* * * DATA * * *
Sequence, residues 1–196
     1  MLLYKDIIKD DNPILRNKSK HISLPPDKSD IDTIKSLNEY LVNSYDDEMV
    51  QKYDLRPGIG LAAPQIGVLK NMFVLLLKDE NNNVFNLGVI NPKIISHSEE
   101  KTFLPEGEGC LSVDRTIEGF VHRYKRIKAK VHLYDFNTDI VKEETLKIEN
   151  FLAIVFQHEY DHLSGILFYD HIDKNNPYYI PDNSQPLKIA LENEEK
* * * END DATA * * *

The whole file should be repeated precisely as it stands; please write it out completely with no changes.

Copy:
Sequence, residues 1–196
     1  MLLYKDIIKD DNPILRNKSK HISLPPDKSD IDTIKSLNEY LVNSYDDEMV
    51  QKYDLRPGIG LAAPQIGVLK NMFVLLLKDE NNNVFNLGVI NPKIISHSEE
   101  KTFLPEGEGC LSVDRTIEGF VHRYKRIKAK VHLYDFNTDI VKEETLKIEN
   151  FLAIVFQHEY DHLSGILFYD HIDKNNPYYI PDNSQPLKIA LENEEK